Monday, March 13, 2023

Looking at resumes for your project?

Working on your project staffing plan?
Looking at resumes for positions to fill?
That may be "old school"
How so?

Psycho drama
More and more, PMOs are realizing that there's a psychological divide among those suited to remote work and those suited for in-house work. For some, remote work is 'lonely' and for others it's inspiring. And for many others, the story is just the opposite; they need the community of office or in-the-field work.(*)

Resumes can't really capture all that stuff; it's no secret that resumes don't tell the whole story, and indeed may be misleading regarding a good fit to the position. And now, with a chat bot on every laptop, a written resume may be unoriginal, if not outright fake.

New graduates
Many 'new grads' have little beyond college to put on a resume, but there are indicators to look for:
  • Average grades, or better shows some prioritization for conventional classwork
  • Sports participation may indicate aggressiveness or competitive spirits
  • Incubator participation may indicate an entrepreneurial bent
  • Work in order to pay for school shows grit and determination (not the easy road, I can assure you from personal experience)
No resume at all?
Now, however, there is a trend to 'no resume at all', or at most a big discount applied to the value of a resume. How is the PMO supposed to work in such an environment?

Some of the answers are in this framework, which should filter out the AI fakes and avatars:
  • Personal interviews that tease out not only relevant experience (in effect, an oral resume), but also tease out ideas for innovation, attitudes towards teams and bureaucracy, and preferences for work environment.
  • Psychological profiles, starting with the venerable 1940's invention: Myers-Briggs (**), but now there are literally hundreds of profile apps to choose from. 
  • Work samples, prototypes, and answers to quizzes or puzzles.
    In the recruiting for the WWII Bletchley Park decryption team, applicants ---- whether lawyer, baker, mathematician, or candlestick maker --- were asked to solve a puzzle in a matter of a few minutes. If you were good a puzzles, you got the job, regardless of resume!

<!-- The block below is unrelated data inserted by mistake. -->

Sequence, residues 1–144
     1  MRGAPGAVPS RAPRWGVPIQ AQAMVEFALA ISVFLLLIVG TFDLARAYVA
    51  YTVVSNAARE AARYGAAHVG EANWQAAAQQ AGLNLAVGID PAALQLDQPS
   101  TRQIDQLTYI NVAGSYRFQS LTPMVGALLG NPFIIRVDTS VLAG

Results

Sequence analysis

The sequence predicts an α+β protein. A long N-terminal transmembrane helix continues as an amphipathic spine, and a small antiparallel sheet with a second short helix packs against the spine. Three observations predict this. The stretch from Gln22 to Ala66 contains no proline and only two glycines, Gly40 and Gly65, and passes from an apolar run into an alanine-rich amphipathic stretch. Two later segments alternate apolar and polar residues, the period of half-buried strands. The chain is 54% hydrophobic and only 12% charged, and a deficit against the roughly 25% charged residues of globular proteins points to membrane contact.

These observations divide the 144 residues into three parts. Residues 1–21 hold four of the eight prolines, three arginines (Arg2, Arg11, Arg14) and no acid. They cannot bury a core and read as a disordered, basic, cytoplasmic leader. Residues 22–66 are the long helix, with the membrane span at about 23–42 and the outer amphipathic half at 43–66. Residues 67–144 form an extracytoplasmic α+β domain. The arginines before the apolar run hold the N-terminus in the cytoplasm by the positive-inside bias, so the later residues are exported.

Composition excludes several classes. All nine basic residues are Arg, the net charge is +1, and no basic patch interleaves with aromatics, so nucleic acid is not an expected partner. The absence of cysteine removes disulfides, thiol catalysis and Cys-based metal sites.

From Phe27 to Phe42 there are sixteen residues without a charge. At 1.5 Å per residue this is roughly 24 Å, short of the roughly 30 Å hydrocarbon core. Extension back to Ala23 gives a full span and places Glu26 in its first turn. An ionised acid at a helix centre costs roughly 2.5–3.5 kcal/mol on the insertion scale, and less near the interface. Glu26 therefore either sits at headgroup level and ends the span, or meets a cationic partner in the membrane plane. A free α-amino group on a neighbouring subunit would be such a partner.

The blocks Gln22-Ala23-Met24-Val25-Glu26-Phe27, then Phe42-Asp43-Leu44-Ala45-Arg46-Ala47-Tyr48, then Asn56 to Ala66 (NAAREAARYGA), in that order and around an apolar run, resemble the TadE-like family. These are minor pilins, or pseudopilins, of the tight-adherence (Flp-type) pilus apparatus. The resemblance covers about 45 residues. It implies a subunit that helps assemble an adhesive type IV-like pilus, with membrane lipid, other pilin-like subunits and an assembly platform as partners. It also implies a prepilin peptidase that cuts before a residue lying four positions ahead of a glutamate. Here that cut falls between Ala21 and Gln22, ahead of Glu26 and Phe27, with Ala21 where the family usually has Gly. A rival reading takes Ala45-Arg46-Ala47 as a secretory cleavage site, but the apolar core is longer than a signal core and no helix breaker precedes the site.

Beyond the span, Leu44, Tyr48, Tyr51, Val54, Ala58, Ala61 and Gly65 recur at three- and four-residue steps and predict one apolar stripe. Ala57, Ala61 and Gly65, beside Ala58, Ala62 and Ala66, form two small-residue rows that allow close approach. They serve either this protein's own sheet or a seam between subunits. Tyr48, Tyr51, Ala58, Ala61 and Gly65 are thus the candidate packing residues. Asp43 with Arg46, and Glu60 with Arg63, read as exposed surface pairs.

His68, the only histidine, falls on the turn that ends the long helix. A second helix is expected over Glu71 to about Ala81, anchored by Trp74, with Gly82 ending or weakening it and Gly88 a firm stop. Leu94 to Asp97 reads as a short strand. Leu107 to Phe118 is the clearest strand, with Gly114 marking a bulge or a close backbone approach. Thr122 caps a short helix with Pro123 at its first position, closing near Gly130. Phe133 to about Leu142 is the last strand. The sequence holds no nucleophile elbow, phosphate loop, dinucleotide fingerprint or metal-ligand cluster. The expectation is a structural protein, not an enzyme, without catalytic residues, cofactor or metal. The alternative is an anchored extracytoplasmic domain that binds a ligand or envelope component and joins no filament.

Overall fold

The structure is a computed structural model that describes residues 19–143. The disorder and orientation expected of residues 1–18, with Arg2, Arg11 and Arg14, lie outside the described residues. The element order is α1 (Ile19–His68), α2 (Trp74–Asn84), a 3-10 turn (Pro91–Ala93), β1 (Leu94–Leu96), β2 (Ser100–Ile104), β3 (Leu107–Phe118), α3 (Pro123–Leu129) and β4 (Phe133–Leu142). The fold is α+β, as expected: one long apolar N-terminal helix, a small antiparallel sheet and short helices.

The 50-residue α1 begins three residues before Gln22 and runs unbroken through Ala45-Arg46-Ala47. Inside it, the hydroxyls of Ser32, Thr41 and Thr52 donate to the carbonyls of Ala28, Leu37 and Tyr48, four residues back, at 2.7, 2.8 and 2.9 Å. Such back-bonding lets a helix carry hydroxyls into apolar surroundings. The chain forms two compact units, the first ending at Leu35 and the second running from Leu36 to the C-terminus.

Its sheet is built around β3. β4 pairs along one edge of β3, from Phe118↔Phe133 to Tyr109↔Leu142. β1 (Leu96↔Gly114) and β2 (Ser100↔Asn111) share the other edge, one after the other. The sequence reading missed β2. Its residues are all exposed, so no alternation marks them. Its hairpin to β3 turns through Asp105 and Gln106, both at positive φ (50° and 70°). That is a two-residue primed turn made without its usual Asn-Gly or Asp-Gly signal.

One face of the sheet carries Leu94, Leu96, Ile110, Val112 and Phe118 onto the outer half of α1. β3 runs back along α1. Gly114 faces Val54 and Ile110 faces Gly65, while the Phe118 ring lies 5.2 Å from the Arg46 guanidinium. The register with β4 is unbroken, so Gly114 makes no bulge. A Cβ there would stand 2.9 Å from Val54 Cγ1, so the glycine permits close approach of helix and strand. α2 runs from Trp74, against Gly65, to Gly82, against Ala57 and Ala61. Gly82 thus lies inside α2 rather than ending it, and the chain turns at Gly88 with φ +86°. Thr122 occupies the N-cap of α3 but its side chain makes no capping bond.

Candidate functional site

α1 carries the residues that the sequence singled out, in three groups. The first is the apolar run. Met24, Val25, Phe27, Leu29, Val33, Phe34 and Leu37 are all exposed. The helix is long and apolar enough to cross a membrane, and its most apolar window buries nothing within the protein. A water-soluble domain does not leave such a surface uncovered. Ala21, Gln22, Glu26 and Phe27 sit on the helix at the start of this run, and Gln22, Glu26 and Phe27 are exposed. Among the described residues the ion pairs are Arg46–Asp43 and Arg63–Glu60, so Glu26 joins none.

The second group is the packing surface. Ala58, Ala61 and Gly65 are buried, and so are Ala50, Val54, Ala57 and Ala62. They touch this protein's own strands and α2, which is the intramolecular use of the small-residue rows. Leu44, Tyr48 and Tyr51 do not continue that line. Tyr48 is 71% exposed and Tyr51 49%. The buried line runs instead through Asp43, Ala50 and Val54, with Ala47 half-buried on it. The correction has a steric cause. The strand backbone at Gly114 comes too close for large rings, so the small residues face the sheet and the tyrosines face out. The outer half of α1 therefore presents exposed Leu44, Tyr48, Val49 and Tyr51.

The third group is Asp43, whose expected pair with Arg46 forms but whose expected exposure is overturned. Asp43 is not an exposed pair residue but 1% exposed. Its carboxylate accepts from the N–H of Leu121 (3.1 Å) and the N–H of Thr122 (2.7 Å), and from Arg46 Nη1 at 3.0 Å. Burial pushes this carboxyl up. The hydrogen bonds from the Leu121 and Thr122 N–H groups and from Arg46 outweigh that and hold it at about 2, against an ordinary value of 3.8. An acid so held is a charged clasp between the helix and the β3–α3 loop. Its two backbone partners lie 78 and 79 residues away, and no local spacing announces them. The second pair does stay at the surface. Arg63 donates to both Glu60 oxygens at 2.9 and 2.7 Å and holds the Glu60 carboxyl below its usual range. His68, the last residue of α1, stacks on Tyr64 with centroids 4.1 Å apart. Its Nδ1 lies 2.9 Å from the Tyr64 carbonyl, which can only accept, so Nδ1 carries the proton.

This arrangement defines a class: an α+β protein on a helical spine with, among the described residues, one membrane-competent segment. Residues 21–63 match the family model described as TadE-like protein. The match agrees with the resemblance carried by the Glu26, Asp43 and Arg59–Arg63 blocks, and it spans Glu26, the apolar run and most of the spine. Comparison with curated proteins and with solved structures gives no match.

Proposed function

Resume - Psycho standoff
What do you do if you have a good resume candidate with a questionable psycho profile, and another candidate just the opposite: one who really fits the job profile, but for some weakness in their resume?

One PMO went about it this way in a risk management approach:
  • What's the cost of making a mistake and choosing wrong, as would be proven over time?
  • What's the cost of hiring both and letting the round pegs naturally find the round holes?
  • What's the expected value of each choice? 
  • Choose according to the best value obtainable for the organization, usually the highest expected value
How about the college degree?
Only about 1/3rd of adults in the U.S. have a college degree. Shortages of applicants has led many hiring officials to reevaluate the the college degree as an entry credential to a job offer. There is a trend in the direction of allowing work experience and track record speak to individual capabilities.

Of course, in the sciences, engineering, physics, mathematics, and statistics, etc., you could be self-taught, but most companies are not there yet, and don't have the requisite means for evaluation of self-taught in lieu of work experience. 

And, there may be licensing issues as well as certification required for accreditation or insurance purposes. But, some of that may be changing.

Office automation
And finally, maybe you hire an avatar and not a person at all. This choice may be getting there faster than you think.

(*) And those factors are not the only thing: there is the culture divide between remote and office; team dynamics which are quite different from one to the other; and significant differences in the vectors of career paths for the remoters vs the office types. 
(**) Did you know they are a mother-daughter team?

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